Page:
While I enjoyed this story overall and found it highly engaging, I feel that it had quite a few faults. There are still many unanswered questions, and while some may argue that this allows for the viewer to engage in discussion I felt that the story’s lack of clarification regarding certain events held back what could have been an even better story. At times it really felt like Bogliano was unsure of what type of story he was trying to give us. The film is a slow-burner that also tries to be a supernatural thrillfest and ultimately fails at both. Earlier I mentioned the film’s highly noticeable use of sex as the source of evil in the film, and while we get a few more instances of sex playing a role I felt that if Bogliano wanted to use sex as such a crutch he should have focused on it more instead of teasing us with it. Little things like these added up and left me feeling like the story was a bit dry and lackluster, and this is why I felt like the flick was not worth the hype. I love the story as a whole, but as a 97 minute experience there is a lot missing.

Bogliano’s direction is pretty good, giving us excellent atmosphere and delivering good tension. He gives us a modern feel that also bleeds 70s-esque psychological horror, much like Ti West’s The House of the Devil. There is a heavy sense of dread that prevails throughout pretty much the entire film and this keeps the viewer at attention, knowing that the horror can hit at any time. His execution of the characters is pretty basic, with the children coming off as quite and distant, yet displaying this look and interaction with each other that indicates that they are obviously hiding something. When the horror hits supreme levels inside the home we are shown the best he has to offer, and while it was mostly effective at delivering a chill or two I was expecting better. I will say that my favorite scene was not of the children’s mischief when their parents are sleeping, but the scene involving what happened to the babysitter. This sequence was expertly executed and managed to freak me out a bit despite it being told after the fact – a sign of good atmosphere, storytelling, and execution.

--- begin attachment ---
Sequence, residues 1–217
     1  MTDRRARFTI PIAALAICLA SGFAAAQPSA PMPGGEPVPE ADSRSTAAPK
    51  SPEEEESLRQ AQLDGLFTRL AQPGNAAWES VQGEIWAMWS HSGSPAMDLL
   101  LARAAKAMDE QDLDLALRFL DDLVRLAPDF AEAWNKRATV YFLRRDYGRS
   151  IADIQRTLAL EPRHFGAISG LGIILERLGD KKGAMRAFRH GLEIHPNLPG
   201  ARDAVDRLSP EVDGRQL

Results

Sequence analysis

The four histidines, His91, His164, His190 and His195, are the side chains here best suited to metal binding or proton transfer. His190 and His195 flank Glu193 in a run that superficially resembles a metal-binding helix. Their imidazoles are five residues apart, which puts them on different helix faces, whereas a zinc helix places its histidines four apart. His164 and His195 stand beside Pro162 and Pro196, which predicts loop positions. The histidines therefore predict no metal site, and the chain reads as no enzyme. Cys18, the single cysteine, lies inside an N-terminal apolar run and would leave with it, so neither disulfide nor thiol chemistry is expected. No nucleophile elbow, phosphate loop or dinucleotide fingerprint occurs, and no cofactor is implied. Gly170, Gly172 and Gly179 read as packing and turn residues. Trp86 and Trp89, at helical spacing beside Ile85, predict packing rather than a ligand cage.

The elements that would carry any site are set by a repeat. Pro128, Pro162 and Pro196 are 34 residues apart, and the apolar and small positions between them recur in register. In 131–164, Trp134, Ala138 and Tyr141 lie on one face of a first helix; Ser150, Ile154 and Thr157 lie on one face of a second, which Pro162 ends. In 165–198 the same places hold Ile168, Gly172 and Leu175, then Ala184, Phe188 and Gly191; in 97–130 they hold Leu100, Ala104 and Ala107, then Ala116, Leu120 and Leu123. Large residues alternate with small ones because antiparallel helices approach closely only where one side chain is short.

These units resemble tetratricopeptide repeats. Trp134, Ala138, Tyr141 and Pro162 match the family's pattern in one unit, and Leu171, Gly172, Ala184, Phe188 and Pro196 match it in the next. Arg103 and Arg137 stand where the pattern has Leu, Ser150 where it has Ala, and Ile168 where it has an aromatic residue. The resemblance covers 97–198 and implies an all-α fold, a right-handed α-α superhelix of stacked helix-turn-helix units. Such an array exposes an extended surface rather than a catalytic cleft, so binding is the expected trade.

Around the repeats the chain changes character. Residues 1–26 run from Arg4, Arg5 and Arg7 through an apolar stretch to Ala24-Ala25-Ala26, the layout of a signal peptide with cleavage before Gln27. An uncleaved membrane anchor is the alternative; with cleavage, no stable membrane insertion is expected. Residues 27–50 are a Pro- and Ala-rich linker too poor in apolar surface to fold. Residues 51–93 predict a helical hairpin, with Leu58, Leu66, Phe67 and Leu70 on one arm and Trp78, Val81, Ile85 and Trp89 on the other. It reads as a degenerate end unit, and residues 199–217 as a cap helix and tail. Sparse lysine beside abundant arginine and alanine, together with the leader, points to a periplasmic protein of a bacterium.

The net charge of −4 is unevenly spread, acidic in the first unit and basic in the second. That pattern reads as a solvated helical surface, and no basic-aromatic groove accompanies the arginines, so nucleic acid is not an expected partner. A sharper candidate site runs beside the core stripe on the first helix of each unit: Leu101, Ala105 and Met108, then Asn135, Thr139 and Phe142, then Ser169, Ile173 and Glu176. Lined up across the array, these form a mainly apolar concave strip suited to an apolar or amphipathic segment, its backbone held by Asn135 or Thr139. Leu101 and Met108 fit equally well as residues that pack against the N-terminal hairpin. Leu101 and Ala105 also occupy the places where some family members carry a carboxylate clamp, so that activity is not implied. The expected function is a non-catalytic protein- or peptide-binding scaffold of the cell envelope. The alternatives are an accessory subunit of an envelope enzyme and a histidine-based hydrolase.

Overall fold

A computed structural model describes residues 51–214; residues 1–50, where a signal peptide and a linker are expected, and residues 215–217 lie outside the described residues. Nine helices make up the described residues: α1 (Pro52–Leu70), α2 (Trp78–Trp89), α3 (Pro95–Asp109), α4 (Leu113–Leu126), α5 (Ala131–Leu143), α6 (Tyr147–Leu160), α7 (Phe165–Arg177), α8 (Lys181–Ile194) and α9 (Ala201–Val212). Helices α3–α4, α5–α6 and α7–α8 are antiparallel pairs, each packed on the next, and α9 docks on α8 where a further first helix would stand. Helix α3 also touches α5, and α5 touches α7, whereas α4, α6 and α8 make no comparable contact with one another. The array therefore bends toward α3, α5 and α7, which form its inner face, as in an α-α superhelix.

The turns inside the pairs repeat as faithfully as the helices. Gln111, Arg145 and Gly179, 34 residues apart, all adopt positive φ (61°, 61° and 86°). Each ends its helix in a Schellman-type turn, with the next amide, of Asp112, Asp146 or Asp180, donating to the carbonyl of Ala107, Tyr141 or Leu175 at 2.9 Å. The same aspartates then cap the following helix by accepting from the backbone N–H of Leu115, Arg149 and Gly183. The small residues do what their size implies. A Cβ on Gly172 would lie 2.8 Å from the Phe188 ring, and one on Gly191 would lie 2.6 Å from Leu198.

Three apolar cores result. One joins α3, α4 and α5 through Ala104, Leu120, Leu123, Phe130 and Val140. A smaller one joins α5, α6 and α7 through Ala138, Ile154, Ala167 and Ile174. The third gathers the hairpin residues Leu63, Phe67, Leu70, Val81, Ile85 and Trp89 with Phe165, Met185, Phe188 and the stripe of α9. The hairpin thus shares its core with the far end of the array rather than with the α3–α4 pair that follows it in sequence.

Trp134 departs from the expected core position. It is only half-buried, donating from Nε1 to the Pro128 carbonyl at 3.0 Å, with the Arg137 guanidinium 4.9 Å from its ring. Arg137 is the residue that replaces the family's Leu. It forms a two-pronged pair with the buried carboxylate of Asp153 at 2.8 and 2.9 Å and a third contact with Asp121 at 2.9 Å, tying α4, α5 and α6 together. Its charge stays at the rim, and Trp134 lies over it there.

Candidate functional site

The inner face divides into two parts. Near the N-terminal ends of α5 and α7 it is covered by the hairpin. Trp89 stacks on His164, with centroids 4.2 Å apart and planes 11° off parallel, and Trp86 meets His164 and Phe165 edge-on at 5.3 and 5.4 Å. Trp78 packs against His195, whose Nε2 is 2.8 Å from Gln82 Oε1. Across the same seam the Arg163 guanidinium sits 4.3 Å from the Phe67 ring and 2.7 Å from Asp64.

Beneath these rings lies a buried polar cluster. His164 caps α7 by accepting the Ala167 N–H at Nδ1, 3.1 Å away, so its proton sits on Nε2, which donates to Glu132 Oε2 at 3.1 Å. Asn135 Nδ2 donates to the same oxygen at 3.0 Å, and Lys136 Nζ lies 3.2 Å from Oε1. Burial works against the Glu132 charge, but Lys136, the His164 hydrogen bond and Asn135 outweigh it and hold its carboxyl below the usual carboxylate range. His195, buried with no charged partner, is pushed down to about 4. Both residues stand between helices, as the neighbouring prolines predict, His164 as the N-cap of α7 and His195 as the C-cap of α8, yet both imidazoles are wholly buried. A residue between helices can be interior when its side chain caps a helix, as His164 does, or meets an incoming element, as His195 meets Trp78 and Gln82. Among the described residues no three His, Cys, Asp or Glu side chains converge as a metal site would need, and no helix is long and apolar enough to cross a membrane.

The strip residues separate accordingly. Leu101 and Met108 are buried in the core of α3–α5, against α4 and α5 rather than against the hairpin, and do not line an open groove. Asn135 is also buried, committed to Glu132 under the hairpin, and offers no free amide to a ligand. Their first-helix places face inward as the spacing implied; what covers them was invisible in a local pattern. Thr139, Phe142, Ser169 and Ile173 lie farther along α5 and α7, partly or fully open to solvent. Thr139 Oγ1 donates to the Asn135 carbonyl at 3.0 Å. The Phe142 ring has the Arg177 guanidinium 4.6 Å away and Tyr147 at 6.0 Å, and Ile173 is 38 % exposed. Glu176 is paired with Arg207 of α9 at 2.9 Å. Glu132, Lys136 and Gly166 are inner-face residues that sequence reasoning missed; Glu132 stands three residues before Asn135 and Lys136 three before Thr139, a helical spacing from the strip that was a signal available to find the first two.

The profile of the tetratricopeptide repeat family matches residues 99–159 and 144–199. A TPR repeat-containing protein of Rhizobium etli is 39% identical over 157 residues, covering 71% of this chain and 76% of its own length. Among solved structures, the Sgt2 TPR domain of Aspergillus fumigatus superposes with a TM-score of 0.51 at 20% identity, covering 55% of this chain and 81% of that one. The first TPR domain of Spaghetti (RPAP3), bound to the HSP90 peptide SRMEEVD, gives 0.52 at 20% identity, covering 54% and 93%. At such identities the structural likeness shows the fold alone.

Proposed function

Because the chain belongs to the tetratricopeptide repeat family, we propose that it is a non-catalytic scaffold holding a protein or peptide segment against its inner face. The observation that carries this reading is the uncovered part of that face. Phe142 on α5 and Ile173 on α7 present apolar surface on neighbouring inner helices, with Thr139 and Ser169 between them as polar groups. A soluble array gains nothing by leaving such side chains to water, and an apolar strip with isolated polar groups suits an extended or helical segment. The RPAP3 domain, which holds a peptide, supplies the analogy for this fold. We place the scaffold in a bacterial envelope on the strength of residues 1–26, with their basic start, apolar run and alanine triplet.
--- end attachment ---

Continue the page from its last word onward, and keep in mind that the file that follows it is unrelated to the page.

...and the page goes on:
Overall, Here Comes the Devil is a haunting experience that is deserving of your time. Bogliano’s direction is good and as a result we are given one of the better horror films of 2013 and a few good chills for the viewer to enjoy. The story is an interesting one overall that only suffers a few faults that other viewers may not even have a problem with, and may even find preferable. While I still believe this experience is a bit over-hyped, it is definitely one I suggest you check out yourself.

Rating: 7/10

…Additional Stills…